New Australian Law Requires Tech Firms To Help Cops Crack Encryption

Matt Broersma is a long standing tech freelance, who has worked for Ziff-Davis, ZDnet and other leading publications

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The newly proposed measures would levy fines of up to £6m for organisations that fail to comply

Australia has proposed a new law that would require technology giants to give police access to encrypted data in cases where it could be linked to criminal or militant activity, amidst an ongoing debate about the role of encryption in aiding criminality.

The law, which must be approved by the country’s federal parliament, requires police to obtain a court warrent to access the encrypted data and sets fines of up to A$10 million (£6m) for institutions who don’t comply, or A$50,000 and jail time for individuals.

Governments and law enforcement agencies have long called for measures that would enable them to decode encrypted communications when needed.

But it isn’t clear how such measures could be put into practice, since services that provide end-to-end encryption, such as WhatsApp, can in theory only be read by those sending and receiving the message, with the service provider itself locked out.

data encryption‘No back doors’

Australia’s government has ruled out any efforts to build back doors for law enforcement or other measures that could be seen as weakening the protections provided by encryption.

“We believe encryption is absolutely crucial to protecting Australians,” cyber security minister Angus Taylor told Australia’s ABC newtork. “So the legalisation explicitly excludes the potential for law enforcement to ask industry to create a weakness in their encryption systems.”

Instead, the proposed law provides measures intended to force companies to either provide access to the data through unspecified means, or to assist law enforcement in gaining access to it.

That assistance could include providing technical information such as the design specifications of a device or service, the removal of electronic protections, assistance in accessing material on a device or even building or installing software or equipment that could help authorities access the information.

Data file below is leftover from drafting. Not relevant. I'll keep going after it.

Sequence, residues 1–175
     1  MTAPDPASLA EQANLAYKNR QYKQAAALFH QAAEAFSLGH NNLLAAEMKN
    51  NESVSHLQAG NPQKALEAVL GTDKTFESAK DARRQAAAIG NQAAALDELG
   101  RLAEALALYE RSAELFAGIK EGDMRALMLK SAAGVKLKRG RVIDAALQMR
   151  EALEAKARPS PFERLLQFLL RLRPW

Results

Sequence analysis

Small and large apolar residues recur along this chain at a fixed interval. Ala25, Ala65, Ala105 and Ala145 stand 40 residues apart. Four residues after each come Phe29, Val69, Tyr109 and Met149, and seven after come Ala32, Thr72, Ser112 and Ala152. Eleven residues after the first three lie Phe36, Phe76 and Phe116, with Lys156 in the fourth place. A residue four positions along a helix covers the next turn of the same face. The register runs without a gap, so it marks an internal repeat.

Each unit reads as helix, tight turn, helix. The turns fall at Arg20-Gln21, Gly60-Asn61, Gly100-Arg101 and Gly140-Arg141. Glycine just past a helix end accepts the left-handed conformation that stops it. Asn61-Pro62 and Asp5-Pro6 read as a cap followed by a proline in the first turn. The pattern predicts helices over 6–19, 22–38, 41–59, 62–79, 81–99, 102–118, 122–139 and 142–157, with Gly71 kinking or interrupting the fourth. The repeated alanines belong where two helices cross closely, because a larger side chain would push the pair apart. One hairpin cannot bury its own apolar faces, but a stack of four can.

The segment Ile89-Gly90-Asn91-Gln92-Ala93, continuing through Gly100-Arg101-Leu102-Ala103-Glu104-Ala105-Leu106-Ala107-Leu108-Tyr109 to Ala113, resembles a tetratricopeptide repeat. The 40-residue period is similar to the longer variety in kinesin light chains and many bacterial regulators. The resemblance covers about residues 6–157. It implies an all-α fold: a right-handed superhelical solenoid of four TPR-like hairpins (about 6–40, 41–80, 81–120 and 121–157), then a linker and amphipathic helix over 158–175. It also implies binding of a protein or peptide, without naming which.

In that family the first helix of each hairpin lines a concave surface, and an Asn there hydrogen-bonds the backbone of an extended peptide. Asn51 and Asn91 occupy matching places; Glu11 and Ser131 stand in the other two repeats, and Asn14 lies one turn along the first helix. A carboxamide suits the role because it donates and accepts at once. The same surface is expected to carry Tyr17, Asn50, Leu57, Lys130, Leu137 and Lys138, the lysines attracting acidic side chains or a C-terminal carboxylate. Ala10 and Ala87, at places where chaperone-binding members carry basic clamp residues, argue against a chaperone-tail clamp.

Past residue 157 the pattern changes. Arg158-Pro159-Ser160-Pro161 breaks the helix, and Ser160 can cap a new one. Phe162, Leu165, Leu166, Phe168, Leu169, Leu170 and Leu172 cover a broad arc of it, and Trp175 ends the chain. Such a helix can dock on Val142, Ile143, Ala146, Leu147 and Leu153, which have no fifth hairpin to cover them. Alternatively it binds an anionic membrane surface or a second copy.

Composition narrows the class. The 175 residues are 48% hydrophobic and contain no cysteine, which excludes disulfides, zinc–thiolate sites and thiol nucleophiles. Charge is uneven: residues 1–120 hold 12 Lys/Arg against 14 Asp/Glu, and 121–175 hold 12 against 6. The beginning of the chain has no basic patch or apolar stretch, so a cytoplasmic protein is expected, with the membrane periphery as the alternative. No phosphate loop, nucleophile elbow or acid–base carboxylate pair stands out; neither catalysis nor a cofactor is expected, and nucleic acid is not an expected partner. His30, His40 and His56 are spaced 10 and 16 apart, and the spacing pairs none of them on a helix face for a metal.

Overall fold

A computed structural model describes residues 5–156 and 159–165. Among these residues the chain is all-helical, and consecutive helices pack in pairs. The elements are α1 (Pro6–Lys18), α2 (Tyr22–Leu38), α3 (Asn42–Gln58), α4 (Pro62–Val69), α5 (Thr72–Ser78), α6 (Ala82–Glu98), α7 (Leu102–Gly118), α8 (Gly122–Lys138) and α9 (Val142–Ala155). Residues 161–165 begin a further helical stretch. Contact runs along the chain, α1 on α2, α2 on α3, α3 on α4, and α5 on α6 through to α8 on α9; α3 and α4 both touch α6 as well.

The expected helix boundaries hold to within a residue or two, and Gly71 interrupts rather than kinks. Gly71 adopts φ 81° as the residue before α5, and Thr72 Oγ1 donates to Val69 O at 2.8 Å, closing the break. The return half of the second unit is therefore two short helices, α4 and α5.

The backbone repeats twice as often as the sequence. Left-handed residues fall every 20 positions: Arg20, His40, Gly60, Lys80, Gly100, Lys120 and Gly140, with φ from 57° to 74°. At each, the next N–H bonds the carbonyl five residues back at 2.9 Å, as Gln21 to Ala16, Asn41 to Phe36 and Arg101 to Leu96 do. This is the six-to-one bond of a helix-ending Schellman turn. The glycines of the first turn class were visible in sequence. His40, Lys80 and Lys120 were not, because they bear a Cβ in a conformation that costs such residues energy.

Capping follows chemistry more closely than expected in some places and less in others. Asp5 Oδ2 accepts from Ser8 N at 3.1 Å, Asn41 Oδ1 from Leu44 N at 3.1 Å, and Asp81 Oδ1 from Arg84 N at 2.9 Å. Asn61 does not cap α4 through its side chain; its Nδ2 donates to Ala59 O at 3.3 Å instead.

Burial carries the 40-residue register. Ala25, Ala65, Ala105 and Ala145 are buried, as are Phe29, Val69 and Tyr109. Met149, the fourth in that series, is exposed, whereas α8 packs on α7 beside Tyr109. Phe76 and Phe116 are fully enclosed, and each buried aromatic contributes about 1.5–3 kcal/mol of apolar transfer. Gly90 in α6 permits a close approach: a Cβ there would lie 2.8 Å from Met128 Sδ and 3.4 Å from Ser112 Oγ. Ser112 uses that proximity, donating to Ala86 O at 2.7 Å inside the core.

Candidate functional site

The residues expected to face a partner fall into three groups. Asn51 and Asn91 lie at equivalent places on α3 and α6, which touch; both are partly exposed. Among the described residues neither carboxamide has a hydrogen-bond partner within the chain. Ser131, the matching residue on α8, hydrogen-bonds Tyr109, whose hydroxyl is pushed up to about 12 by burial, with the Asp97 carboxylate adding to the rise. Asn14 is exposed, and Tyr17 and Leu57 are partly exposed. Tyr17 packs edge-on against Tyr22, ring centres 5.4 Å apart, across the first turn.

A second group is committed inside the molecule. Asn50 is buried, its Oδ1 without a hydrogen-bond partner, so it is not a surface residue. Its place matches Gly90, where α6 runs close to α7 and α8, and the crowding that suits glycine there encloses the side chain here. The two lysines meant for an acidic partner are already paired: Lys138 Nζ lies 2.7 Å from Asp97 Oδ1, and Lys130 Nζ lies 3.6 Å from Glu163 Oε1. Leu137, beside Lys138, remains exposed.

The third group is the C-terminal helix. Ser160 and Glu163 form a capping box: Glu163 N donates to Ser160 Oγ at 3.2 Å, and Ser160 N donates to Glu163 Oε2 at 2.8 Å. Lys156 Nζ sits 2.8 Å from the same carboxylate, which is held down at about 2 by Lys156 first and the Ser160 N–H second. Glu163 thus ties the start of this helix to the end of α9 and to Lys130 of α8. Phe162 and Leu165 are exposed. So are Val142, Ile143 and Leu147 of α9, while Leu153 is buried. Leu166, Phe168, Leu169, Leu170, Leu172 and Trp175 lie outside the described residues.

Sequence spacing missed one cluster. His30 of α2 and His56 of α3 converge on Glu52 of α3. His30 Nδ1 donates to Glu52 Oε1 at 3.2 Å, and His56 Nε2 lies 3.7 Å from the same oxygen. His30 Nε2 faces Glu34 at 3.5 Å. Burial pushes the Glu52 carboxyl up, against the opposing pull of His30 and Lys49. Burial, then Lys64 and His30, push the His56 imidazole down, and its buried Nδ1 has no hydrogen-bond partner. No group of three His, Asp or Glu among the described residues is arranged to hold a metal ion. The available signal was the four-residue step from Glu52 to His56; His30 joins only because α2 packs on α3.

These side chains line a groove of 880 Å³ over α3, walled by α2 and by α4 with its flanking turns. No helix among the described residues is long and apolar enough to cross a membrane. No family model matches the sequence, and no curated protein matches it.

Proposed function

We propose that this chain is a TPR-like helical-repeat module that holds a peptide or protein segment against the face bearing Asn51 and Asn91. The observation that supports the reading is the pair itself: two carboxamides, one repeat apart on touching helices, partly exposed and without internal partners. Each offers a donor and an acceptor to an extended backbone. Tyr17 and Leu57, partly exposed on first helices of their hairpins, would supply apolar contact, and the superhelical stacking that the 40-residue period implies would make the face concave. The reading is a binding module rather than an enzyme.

How such technical assistance could work in practice remains unclear.

And critics said that forcing large tech companies that are domiciled abroad to cooperate could in itself be problematic.

That issue was highlighted in a high-profile 2016 case in which the FBI attempted to force Apple to assist it in unlocking an iPhone connected to a mass shooting in California.

Apple refused, and ultimately the FBI paid a third-party security group to hack into the handset.

Privacy issues

An industry association that includes Google, Twitter, Facebook, Yahoo and Microsoft called for a “constructive dialogue” around the Assistance and Access Bill 2018.

“We work every day to help protect the privacy of people who use our services and strongly support the economic and social benefits of encryption technology,” stated Nicole Buskiewicz, managing director of Digital Industry Group Inc. “At the same time, we appreciate the hard work governments do to keep us safe.”

Others in the IT industry noted that the law’s wording means it could affect a wide range of companies.

“Any company that writes software that could get installed on a computer connected to a network will become a ‘designated communications provider’ if you were wondering how broad this not-a-backdoor legislation is,” wrote technology expert Justin Warren on Twitter.

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